I recall being a young boy growing up with spina bifida, a birth defect that led to death or severe disability for 95% of those born with it the year that I was born.
I recall trying to learn how to walk. I recall failing.
I recall struggling with the way that my hydrocephalic brain worked and wondering if I really had the potential to learn.
I recall searching for the meaning of it all, but finding none.
I recall not knowing if I was still Richard, if I still mattered, and if I still had a purpose on the Earth.
Dr. Alice Howland (Julianne Moore) is a Columbia University linguistics professor married to John (Alec Baldwin), a research physician, and parent to Lydia (Kristen Stewart), Anna (Kate Bosworth), and Tom (Hunter Parrish). Dr. Howland is a woman who prides herself on her command of language and whose ability to embrace big ideas has made her a big success in the academic world.
She does not expect to come face-to-face with something even bigger than herself.
Of course, we know this is what happens. Alice is arriving at her 50th birthday already showing glimpses of what we know is to come in the very near future. She is forgetting her children's names, at least momentarily "spacing out" on how to spell even the simple and familiar words and, in one particularly haunting and telling scene, she finds herself devastatingly lost while out on a oft-repeated and familiar run.
Still Alice, based upon a 2007 novel by Lisa Genova, is written and directed with heartbreaking intimacy and honesty by the husband-and-wife team of Richard Glatzer and Wash Westmoreland. It is not the kind of film you will necessarily find yourself "wanting" to see, but it is the kind of film that you should see and need to see and will likely find yourself identifying with on some level if you've ever cared for a loved one and watched someone you care about live out their journey with a life and mind-altering health condition.
Alice, in case you are unaware, is diagnosed with a rare form of early-onset Alzheimer's Disease. Even if you have never experienced Alzheimer's Disease in your own life, you have an idea of what this will mean for Alice and her family.
There are several scenes from Still Alice that I simply cannot forget, but having seen Still Alice I find myself grateful for being unable to forget them. From the jarring and disorienting running scene to the playing of Scrabble, Still Alice prefers to capture the devastatingly minute details of the life journey with Alzheimer's. There is perhaps no greater scene, no scene more reflecting Julianne Moore's astounding performance, than a scene in which Moore's Alice discovers a video file on her laptop. This scene, featuring Moore's decompensating Alice coming face-to-face with an early and recently diagnosed Alice, will, if you've ever been face-to-face with Alzheimer's, leave you absolutely sobbing.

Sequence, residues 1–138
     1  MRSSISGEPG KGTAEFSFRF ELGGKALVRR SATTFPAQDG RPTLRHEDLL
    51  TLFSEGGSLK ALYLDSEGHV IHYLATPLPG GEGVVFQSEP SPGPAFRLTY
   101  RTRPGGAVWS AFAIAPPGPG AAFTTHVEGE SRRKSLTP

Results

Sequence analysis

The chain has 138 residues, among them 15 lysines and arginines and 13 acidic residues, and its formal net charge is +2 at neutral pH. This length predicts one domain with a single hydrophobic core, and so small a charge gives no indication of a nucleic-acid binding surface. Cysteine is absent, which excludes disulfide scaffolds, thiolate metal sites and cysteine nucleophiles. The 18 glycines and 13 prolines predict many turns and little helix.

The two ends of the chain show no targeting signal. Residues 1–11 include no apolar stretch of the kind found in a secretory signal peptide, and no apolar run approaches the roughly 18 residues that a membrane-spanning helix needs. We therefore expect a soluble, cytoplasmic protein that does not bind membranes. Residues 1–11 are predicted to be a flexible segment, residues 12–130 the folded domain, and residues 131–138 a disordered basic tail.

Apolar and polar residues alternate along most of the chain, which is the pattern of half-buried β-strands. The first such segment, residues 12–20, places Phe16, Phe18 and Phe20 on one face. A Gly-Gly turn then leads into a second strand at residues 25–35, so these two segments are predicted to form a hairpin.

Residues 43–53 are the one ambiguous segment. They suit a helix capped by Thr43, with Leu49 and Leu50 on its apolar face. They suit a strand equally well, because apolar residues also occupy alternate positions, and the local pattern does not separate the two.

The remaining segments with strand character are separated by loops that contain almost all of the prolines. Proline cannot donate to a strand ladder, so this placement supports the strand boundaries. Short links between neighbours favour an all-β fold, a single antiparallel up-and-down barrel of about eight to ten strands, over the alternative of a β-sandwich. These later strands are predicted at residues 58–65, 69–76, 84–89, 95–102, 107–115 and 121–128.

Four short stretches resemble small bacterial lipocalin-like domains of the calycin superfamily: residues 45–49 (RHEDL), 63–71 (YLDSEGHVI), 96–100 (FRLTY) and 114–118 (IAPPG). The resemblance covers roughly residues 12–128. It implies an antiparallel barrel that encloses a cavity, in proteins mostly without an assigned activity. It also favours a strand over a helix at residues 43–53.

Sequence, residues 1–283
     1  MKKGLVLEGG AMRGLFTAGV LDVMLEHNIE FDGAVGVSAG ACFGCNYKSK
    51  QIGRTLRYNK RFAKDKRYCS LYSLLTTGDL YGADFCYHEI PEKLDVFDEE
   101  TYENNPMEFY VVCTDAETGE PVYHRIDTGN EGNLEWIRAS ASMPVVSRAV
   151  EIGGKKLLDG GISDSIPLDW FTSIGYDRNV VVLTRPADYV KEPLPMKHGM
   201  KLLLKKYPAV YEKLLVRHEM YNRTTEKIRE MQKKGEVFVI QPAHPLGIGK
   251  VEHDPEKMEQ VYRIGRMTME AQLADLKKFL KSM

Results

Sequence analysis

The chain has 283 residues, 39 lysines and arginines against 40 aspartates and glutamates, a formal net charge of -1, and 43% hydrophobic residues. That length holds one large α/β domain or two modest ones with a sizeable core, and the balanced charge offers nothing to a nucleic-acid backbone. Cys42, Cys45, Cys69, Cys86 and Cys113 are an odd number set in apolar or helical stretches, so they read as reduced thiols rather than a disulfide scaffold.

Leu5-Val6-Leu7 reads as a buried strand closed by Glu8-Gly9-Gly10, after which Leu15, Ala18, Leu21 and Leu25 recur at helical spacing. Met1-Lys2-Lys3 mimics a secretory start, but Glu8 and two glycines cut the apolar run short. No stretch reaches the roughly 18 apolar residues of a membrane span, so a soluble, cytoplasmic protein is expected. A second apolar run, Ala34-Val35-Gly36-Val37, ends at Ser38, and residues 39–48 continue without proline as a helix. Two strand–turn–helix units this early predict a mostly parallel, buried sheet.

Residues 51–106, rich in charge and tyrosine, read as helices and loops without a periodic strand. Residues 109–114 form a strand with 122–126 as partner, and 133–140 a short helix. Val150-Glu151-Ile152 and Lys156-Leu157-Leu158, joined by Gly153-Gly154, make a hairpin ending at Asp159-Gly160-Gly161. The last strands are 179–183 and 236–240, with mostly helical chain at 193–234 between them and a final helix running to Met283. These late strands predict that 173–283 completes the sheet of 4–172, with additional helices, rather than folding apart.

Julianne Moore has been so good for so long that it is easy to forget the kind of understated and disciplined performances she serves up time and time again. A five-time Oscar nominee, Moore's win this year should be the closest the Academy has to a sure thing this year. Witherspoon? It's a piffle compared to this performance. Rosamund Pike? Not a chance. Felicity Jones? Nope. In fact, only Marion Cotillard has served up a leading actress performance worthy of being mentioned alongside Moore's. This year's Oscar award for Best Actress simply must go to Julianne Moore for a performance that accomplishes what is truly the over-arching mission of this film - to remind us that through it all this is Still Alice.
Alec Baldwin, who has played the fussy old codger so often that we sometimes forget his dramatic range, gives a nicely tuned and disciplined performance as the grieving yet patient John, while Bosworth shines as the eldest and most high-strung of the daughters. For years, I have admittedly picked on Kristen Stewart for her tendency toward monotone performances. Stewart far exceeds our highest expectations here with a performance that is lovely and intimate and revealing with a level of vulnerability Stewart has always possessed but never shown us on the big screen.
Ilan Eshkeri's original score is occasionally tad histrionic, though Denis Lenoir's intimate and revealing lensing captures all the right visual notes despite the film's occasional, and fortunately brief, forays into disease-of-the-week storytelling.
Much should be made of the fact that Still Alice co-director Richard Glatzer is himself living with ALS, a disease that while different from Alzheimer's is similar in its often devastating impact on those who live with it. Does this add an intimacy and insight to the film? There's no question that Still Alice is the best film yet from Glatzer/Westmoreland, but if anything it simply adds to the film's honest and authentic radiance and affirmation that love makes a difference wherever our life journey takes us.
Still Alice won't be the easiest film that you will see this year, but it is worthy of your time and emotional investment. With beautiful performances and an important story to tell, Still Alice will remind you that whether your battles in life are with chronic illness, devastating trauma, or simply the need to overcome that who you are remains the same.
© Written by Richard Propes
The Independent Critic